Childhood Paradise

By Brandon McCormick

It’s the middle of summer, it’s hot, it’s sunny, only one thing to do…head to the pool.

Millersville Lions Club Pool located on North Prince street right off of Millersville University’s campus was the place to be growing up. What’s better than jumping into the smooth, calm water of a swimming pool when the thermometer is hitting the 90’s?

From an early age my family was enthralled with the pool. My oldest brother and sister always played at the pool in their younger years. Naturally, my middle brother and I were dragged along.

But we always enjoyed it. Everything was so carefree, from waking up and knowing exactly where you were going to spend the better part of your day to the tiny knit bag our mother brought crackers and snacks for us in.

All of it was great, nothing beat the pool.

Every year kids would wonder if they would make any new friends or possibly meet up with the ones that were left behind last August when the pool closed.

Every year kids continued to come back, returning to the pool like a duckling to its mother.

Brandon McCormick

There was always something to do and someone to play with. Whether in the pool, going off the diving board, or playing base runner during the adult swims when they would kick us kids out of the pool for 15 minutes.

Remember base runner, the simplest yet most fun game ever? With a few friends, each kid would run from base to base (which normally were just the wet swim towels of the players) while trying to avoid being pegged with a dripping wet sponge-ball by the person that was “it”.

Even the embarrassing memories of getting yelled at for running on the cement deck by the pool lifeguards stand out in our heads. We all knew we shouldn’t run and the lifeguards had to yell at us, but we continued to ignore the rules of the pool thinking we owned the place.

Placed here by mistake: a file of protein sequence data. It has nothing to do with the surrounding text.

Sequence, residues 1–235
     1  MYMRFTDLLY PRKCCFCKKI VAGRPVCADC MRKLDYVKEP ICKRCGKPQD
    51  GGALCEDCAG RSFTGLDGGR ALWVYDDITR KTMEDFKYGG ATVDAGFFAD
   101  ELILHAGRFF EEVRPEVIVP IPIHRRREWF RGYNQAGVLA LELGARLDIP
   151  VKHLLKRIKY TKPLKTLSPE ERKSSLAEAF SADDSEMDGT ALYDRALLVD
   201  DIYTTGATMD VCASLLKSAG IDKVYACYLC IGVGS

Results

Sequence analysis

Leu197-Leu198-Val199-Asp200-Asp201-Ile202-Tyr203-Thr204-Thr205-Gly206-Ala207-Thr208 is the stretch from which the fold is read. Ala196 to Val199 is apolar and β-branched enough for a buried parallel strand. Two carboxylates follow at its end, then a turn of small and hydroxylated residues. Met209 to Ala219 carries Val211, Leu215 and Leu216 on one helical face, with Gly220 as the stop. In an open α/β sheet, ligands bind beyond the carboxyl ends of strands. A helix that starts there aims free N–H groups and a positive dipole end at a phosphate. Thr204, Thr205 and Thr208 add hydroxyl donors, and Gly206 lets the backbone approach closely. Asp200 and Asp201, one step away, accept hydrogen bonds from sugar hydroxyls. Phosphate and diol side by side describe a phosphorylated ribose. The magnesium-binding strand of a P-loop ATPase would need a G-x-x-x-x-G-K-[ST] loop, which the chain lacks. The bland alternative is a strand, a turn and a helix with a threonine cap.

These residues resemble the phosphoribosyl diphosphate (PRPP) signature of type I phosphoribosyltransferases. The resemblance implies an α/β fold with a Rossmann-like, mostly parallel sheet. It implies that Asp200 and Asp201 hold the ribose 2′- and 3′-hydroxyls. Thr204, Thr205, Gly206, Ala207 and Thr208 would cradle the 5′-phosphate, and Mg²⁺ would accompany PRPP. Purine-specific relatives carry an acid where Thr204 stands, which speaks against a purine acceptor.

Then as we continued to grow, splash parties became the next big craze. Splash parties ran from 6 to about 9:30 at night. A DJ was brought in and the lights on the pool were turned on. Everyone who was anyone went to the splash party!

We would go, swim, hangout with some friends and possibly try to create some mischief until the lifeguards caught on to our childish shenanigans.

Then, as we continued to grow and mature, suddenly the pool lost all its wonder. The magic of the pool disappeared.

Less and less people would be there every year. You would show up expecting to see your buddies and leave disappointed at the realization they probably won’t be coming back this summer.

Kids got jobs, found other friends and got other interests until just a small number of souls still remained at the Millersville Pool.

But what truly happened? Did the kids just lose their childhood innocence, thinking only dweebs go to the pool? I doubt it, I think it was the passing of the time. As kids grew so did their interests and they moved on to bigger and better things leaving the poor, lonely pool behind.

Yet for every generation that left, another stepped up in its place.

I’m a lifeguard at the pool now, and I spend the summer seeing the next generation of kids come to love the chilled water of the giant pool.

Though each generation may continue to grow and leave the pool, the good times, the hot days, and the cold water will always leave fond memories in minds of any attendee.